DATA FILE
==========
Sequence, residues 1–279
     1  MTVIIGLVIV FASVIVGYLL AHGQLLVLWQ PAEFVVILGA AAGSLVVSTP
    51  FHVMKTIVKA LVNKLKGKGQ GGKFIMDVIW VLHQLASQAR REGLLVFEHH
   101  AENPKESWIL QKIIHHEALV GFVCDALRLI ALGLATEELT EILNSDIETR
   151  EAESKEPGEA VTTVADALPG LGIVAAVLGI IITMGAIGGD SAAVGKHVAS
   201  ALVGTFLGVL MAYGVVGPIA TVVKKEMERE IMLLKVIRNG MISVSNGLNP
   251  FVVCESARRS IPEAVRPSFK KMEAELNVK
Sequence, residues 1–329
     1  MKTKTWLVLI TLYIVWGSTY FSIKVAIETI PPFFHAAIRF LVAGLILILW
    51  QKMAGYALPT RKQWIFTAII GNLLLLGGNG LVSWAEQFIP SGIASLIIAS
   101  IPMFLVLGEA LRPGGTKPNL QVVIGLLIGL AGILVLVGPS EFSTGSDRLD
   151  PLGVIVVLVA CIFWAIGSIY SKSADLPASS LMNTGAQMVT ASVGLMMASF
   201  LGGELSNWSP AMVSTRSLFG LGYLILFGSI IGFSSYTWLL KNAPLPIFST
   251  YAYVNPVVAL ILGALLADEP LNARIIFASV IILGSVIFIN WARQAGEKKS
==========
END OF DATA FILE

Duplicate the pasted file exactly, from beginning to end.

Sequence, residues 1–279
     1  MTVIIGLVIV FASVIVGYLL AHGQLLVLWQ PAEFVVILGA AAGSLVVSTP
    51  FHVMKTIVKA LVNKLKGKGQ GGKFIMDVIW VLHQLASQAR REGLLVFEHH
   101  AENPKESWIL QKIIHHEALV GFVCDALRLI ALGLATEELT EILNSDIETR
   151  EAESKEPGEA VTTVADALPG LGIVAAVLGI IITMGAIGGD SAAVGKHVAS
   201  ALVGTFLGVL MAYGVVGPIA TVVKKEMERE IMLLKVIRNG MISVSNGLNP
   251  FVVCESARRS IPEAVRPSFK KMEAELNVK
Sequence, residues 1–329
     1  MKTKTWLVLI TLYIVWGSTY FSIKVAIETI PPFFHAAIRF LVAGLILILW
    51  QKMAGYALPT RKQWIFTAII GNLLLLGGNG LVSWAEQFIP SGIASLIIAS
   101  IPMFLVLGEA LRPGGTKPNL QVVIGLLIGL AGILVLVGPS EFSTGSDRLD
   151  PLGVIVVLVA CIFWAIGSIY SKSADLPASS LMNTGAQMVT ASVGLMMASF
   201  LGGELSNWSP AMVSTRSLFG LGYLILFGSI IGFSSYTWLL KNAPLPIFST
   251  YAYVNPVVAL ILGALLADEP LNARIIFASV IILGSVIFIN WARQAGEKKS